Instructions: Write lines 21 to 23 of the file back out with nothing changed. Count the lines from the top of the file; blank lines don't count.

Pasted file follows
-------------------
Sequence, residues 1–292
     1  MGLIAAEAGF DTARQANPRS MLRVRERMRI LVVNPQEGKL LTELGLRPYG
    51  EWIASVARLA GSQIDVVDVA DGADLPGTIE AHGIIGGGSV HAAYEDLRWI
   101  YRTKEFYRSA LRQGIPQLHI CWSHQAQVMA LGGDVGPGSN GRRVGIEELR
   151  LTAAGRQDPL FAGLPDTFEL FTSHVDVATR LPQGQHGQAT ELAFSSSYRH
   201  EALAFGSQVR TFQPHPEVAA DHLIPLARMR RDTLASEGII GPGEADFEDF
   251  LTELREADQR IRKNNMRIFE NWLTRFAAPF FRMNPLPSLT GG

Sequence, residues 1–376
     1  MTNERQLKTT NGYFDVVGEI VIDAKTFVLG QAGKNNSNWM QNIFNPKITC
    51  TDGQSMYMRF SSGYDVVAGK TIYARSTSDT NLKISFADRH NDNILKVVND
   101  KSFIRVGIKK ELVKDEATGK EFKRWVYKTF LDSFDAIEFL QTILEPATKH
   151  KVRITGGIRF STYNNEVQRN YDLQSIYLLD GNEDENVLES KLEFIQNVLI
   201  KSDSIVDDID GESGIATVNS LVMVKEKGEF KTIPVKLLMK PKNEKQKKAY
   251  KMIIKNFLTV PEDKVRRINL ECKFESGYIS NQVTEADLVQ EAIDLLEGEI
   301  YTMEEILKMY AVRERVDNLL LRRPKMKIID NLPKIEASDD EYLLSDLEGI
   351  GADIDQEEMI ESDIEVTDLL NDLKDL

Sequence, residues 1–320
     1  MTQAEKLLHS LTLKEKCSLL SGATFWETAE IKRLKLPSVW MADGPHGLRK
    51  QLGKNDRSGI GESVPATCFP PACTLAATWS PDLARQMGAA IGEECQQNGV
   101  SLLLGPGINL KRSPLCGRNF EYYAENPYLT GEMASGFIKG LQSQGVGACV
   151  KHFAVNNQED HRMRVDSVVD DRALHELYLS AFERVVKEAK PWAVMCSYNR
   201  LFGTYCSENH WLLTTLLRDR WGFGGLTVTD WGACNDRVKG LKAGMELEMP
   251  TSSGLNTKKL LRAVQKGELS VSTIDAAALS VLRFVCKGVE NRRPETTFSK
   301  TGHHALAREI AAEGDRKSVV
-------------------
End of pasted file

   151  KHFAVNNQED HRMRVDSVVD DRALHELYLS AFERVVKEAK PWAVMCSYNR
   201  LFGTYCSENH WLLTTLLRDR WGFGGLTVTD WGACNDRVKG LKAGMELEMP
   251  TSSGLNTKKL LRAVQKGELS VSTIDAAALS VLRFVCKGVE NRRPETTFSK